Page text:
EASTBIO Effect of molecular crowding on motors and microtubules
Microtubules are long polymers important for cell division, intracellular transport and polarity. Many proteins walk along microtubules and associate with their plus ends. The plus ends act as a platform for signalling and regulatory proteins. An important question is how do motors navigate a crowded microtubule and how do they function at the crowded end of microtubules.
The Welburn lab has previously shown that Kinesin-8 motors are highly processive motors that reach the ends of microtubules and deliver EB and the microtubule depolymerase MCAK to microtubule ends to regulate its length. This process is particularly important to control astral microtubule length and spindle positioning during cell division.
The student will use chemical approaches to functionally derivatise tubulins so that microtubules with obstacles can be generated. Using the unique expertise of the Hulme lab, macrocyclic compounds targeting the maytansine sub-site and selectively targeting the growing end of microtubules will also be synthesized and optimized. Computational approaches will be used to optimize the molecules. The student will first characterise the compounds biophysically with purified tubulin and test its activity on microtubule dynamics and assembly in vitro.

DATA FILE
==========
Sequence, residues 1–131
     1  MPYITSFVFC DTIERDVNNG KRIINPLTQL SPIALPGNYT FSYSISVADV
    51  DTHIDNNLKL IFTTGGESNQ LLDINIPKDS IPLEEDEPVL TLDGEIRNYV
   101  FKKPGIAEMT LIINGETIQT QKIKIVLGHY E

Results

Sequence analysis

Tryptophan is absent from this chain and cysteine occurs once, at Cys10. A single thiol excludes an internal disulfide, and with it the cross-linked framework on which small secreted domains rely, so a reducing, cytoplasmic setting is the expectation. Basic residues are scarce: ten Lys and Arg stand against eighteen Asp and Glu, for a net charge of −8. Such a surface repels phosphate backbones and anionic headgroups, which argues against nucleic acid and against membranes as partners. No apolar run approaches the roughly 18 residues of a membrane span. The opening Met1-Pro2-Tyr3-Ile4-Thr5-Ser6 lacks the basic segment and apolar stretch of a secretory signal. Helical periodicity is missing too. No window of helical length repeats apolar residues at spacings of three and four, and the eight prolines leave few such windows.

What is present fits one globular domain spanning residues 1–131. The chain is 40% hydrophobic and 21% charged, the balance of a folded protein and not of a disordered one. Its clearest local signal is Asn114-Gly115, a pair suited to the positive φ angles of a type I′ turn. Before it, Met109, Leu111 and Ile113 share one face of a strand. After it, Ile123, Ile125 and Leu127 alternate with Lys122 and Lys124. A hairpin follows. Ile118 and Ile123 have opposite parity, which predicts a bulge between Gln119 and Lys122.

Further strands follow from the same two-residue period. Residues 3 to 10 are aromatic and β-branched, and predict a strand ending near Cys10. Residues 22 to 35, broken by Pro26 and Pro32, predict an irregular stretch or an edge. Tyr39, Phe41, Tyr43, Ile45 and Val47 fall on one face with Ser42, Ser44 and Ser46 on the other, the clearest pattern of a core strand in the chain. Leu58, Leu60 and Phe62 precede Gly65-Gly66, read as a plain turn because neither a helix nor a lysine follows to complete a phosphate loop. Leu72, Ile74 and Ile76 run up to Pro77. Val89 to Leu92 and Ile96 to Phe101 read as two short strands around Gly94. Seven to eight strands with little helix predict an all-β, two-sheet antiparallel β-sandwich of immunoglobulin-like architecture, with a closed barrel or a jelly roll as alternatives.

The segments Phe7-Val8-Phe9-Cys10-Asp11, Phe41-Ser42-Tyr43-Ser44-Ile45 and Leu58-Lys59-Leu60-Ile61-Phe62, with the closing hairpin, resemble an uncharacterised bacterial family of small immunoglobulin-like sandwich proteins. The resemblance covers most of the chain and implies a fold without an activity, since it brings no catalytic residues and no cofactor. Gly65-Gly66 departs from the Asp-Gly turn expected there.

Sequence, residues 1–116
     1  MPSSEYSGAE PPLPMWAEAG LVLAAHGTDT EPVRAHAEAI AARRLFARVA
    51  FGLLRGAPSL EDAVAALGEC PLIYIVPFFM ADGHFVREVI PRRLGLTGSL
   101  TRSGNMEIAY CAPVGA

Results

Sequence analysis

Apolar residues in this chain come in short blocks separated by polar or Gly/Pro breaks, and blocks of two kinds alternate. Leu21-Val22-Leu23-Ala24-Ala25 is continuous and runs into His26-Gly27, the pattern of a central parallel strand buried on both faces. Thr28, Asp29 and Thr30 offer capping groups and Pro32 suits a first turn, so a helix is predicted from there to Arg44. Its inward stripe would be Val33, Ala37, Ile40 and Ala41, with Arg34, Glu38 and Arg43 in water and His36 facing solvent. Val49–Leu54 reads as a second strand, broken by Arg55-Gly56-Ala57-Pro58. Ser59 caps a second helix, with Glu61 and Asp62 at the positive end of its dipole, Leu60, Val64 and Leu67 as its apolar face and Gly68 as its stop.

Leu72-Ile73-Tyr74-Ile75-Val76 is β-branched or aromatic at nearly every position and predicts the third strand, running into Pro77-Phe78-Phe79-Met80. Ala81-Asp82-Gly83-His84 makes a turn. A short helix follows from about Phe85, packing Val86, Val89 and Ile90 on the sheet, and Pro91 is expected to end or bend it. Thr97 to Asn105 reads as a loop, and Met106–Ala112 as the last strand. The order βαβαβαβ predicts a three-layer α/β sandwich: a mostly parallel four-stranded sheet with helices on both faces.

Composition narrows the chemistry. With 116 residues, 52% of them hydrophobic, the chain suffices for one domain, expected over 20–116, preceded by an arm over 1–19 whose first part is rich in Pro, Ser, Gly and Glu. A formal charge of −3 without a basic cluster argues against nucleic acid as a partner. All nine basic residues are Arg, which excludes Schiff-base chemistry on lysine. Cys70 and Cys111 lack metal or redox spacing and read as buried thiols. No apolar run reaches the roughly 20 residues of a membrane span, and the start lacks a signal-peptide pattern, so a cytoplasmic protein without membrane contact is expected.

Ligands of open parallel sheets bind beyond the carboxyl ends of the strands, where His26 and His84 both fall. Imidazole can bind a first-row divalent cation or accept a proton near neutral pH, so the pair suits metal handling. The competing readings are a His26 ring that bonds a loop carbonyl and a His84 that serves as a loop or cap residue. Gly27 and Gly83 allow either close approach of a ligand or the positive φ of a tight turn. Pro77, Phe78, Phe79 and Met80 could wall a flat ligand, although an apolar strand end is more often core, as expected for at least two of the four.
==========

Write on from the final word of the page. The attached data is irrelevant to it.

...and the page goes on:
Using a bottom up approach, the student will then determine how molecular crowding (1) on the microtubule lattice affect motor processivity, speed and cooperativity (2) at microtubule ends affect cargo delivery and microtubule dynamics using in vitro reconstitution and biophysics.
This project will give the student opportunities to learn organic chemistry and small molecule synthesis and coupling, protein purification and isolation, in vitro reconstitution approaches using microtubules, single molecule microscopy techniques to image motors and automated image analysis. The development of compounds that target the maytansine sub-site will also represent the development of new tools as plus end markers in systems difficult to modify genetically or transfect.
This project enables a motivated Ph.D. student to apply chemistry, cell biology, biochemistry and in vitro reconstitution assays to investigate the molecular properties of microtubules and develop new tools for study of the cytoskeleton. These results will have strong implications for our understanding of the synthesis of macrocyclic drugs, cytoskeleton biology and chromosome segregation.
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